Disappointing jobs data, diminished consumer confidence, and a flub by the FDA’s chief over a new coronavirus therapy caused markets to pull back somewhat from Monday’s rally.
MANHATTAN (CN) — Lagging economic indicators helped dampen Wall Street on Tuesday as health officials pulled back on their enthusiasm over a new Covid-19 therapy.
By the closing bell this afternoon, the Dow Jones Industrial Average fell about 60 points, a 0.2% decrease. The S&P 500 and Nasdaq did better, comparatively, but still did not match Monday’s gains. The S&P 500 increased by 0.36% while the Nasdaq netted a 0.7% increase.
The dip in markets was a complete reversal from Monday, when Wall Street rallied over news that the Trump administration had authorized emergency use of blood plasma as a treatment for hospitalized coronavirus patients.
Convalescent plasma, which is derived from patients who have recovered from Covid-19 infections, has been used on at least 70,000 patients, according to the Food and Drug Administration.
President Trump called the treatment a “breakthrough” over the weekend at a press conference where Food and Drug Administration Commissioner Dr. Stephen Hahn said the therapy could save 35 out of 100 patients.
Shortly thereafter, however, some scientists — including a one who worked on the underlying study — criticized those comments as overselling the therapy. Hahn did not wait long to apologize for misrepresenting the difference between relative risk reduction, which the data showed, as opposed to an absolute risk reduction. Under the relative risk reduction model, the therapy could improve mortality by 3% to 5% at most.
Hahn called the criticism of his remarks “entirely justified,” but denied that the FDA has been politicized to gin up the therapy.
“I personally could have done a better job and should have done a better job at that press conference explaining what the data show regarding convalescent plasma,” Hahn told “CBS This Morning.”
Some scientists — including former FDA scientists — are skeptical about the therapy’s efficacy. Further, some researchers are now worried that Covid-19 immunity is not permanent, amid the first apparent case of coronavirus reinfection on Monday.
According to data compiled by Johns Hopkins University, more than 23 million have contracted Covid-19 worldwide, while roughly 814,000 have died. In the United States alone, 5.7 million have been confirmed infected while about 177,000 have died.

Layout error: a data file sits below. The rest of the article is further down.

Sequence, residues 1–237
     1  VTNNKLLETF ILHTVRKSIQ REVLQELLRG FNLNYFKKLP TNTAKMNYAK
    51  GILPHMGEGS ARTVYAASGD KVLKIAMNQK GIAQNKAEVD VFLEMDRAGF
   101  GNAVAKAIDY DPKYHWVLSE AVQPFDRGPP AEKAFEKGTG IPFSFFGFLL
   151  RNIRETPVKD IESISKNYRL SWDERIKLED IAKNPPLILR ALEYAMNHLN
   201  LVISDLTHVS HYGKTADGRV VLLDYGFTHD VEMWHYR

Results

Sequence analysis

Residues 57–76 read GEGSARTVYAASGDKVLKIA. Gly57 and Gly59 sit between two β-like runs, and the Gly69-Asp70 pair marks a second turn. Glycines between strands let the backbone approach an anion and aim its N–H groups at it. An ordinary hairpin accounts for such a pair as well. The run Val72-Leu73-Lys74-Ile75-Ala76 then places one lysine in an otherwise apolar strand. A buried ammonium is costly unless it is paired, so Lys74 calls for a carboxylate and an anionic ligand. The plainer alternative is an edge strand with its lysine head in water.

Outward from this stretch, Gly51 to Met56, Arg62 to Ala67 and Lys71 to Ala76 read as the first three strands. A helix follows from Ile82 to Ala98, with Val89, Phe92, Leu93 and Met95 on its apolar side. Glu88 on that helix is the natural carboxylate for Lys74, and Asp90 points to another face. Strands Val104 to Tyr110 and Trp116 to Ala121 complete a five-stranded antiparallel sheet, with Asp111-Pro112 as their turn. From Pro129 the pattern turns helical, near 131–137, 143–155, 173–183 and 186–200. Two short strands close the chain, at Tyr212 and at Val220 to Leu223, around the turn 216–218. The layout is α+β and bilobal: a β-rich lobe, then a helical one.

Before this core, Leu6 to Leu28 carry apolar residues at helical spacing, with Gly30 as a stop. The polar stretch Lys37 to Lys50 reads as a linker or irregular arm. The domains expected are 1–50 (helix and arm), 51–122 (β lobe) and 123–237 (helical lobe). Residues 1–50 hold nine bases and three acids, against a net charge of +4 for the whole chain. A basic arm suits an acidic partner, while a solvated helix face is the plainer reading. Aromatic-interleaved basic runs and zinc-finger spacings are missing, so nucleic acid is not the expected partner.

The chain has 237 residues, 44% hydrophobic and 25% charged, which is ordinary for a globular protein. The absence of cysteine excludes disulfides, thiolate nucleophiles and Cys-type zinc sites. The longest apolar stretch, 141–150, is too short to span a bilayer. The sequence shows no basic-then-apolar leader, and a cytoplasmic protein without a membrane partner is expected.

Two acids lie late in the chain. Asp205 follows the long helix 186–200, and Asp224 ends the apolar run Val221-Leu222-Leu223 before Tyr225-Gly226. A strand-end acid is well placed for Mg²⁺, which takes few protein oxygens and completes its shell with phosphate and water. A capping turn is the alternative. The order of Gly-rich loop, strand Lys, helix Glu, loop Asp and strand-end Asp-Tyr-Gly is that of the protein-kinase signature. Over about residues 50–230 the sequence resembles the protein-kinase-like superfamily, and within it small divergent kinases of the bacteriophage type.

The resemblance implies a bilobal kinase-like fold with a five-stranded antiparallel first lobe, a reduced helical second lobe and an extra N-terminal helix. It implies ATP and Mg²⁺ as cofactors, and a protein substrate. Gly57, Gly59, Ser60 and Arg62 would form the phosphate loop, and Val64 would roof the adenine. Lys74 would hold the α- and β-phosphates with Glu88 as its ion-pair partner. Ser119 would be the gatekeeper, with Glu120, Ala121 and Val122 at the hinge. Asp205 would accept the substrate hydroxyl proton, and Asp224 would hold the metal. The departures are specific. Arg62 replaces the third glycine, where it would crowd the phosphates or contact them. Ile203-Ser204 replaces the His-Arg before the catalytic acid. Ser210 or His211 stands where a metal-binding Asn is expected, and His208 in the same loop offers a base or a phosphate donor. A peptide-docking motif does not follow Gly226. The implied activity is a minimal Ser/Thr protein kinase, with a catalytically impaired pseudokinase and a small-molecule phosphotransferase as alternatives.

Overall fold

With more substantive economic indicators coming later in the week — in the form of comments from Federal Reserve Chairman Jerome Powell during the annual Jackson Hole Economic Policy Symposium, as well as the final calculation of U.S. GDP for the second quarter — bullish investors had little to grab hold of on Tuesday.
Disappointing jobs data from Indeed could predict another increase in weekly unemployment claims on Thursday. According to Indeed, job postings fell nearly 21% year over year for the week ending August 21. That marks the second straight week job postings have dipped after the index gradually increased for three months, the company observed.
Indeed counted the largest decreases in the hospitality and tourism sectors where postings are 40% lower than last year.
Consumer confidence also dropped for the second consecutive month, according to The Conference Board, from 91.7 in July to 84.8 so far this month, the lowest mark in six years.
“Consumers’ optimism about the short-term outlook, and their financial prospects, also declined and continues on a downward path,” said Lynn Franco, senior director at the board. “Consumer spending has rebounded in recent months but increasing concerns amongst consumers about the economic outlook and their financial well-being will likely cause spending to cool in the months ahead.”
Things don’t look good on the horizon, either, according to the survey. Consumers claiming business conditions are “good” fell from 17.5% last month to 16.4%, while those who say the current conditions are “bad” increased from 38.9% to 43.6%.
“This is going to be a more challenging situation and reinforces our view that a V-shaped recovery will not happen,” ING chief international economist James Knightley wrote in an investor’s note. “The U.S. economy, which is 70% consumer spending, is unlikely to recover all of its lost output until mid-2022.”
One bright spot was the earnings reports from Best Buy. The company exceeded analyst expectations, posting a 58% year-over-year increase in earnings for the second quarter. The entertainment company’s U.S. online sales rocketed up 242% last quarter compared with the second quarter of last year.
“We are encouraged to see the customer demand for our products and services and are proud of the amazing execution of our teams,” CEO Corie Barry said in a statement. “Products that helped people work, learn, connect, and cook at home, like computing, appliances, and tablets, were the largest drivers of our sales growth for the quarter.”
The company, like many others recently, did not offer any guidance for the third quarter, citing the uncertainty over another stimulus package out of Congress, as well as the potential for the pandemic to stretch into the fall.